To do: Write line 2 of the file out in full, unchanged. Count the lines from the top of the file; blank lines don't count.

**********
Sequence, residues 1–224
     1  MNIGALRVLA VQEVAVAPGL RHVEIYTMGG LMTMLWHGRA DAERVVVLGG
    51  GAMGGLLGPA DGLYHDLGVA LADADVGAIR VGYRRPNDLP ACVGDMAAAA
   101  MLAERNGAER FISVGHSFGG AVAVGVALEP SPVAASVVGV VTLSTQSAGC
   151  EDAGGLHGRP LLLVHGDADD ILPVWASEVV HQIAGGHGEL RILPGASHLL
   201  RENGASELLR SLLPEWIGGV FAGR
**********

     1  MNIGALRVLA VQEVAVAPGL RHVEIYTMGG LMTMLWHGRA DAERVVVLGG